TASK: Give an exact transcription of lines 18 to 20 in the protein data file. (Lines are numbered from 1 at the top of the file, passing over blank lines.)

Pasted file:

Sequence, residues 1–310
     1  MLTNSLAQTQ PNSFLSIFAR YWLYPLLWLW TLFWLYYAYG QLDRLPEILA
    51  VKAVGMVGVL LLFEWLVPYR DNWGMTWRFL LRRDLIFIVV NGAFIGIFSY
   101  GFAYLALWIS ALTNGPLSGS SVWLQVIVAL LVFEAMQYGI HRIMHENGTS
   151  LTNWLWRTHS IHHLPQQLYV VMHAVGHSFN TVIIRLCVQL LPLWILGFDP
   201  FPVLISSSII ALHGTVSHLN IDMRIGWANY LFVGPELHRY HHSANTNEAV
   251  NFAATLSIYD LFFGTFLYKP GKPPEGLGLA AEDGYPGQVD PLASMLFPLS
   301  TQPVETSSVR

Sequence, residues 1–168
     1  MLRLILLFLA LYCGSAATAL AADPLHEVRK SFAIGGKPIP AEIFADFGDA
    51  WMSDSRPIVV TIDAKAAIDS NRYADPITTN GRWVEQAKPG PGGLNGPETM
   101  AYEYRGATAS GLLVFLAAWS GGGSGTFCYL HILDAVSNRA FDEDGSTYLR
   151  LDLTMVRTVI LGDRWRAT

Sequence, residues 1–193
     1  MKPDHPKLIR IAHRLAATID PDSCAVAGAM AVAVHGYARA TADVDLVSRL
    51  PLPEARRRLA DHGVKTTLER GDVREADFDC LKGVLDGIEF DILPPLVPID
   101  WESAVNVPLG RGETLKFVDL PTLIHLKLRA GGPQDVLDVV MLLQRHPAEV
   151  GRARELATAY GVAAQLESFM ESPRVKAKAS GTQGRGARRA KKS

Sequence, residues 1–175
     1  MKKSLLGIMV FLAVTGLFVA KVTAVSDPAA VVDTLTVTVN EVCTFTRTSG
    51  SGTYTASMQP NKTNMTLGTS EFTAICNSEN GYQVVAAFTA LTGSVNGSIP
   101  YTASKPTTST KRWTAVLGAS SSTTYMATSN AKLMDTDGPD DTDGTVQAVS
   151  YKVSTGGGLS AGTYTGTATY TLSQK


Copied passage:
   151  GRARELATAY GVAAQLESFM ESPRVKAKAS GTQGRGARRA KKS

Sequence, residues 1–175
     1  MKKSLLGIMV FLAVTGLFVA KVTAVSDPAA VVDTLTVTVN EVCTFTRTSG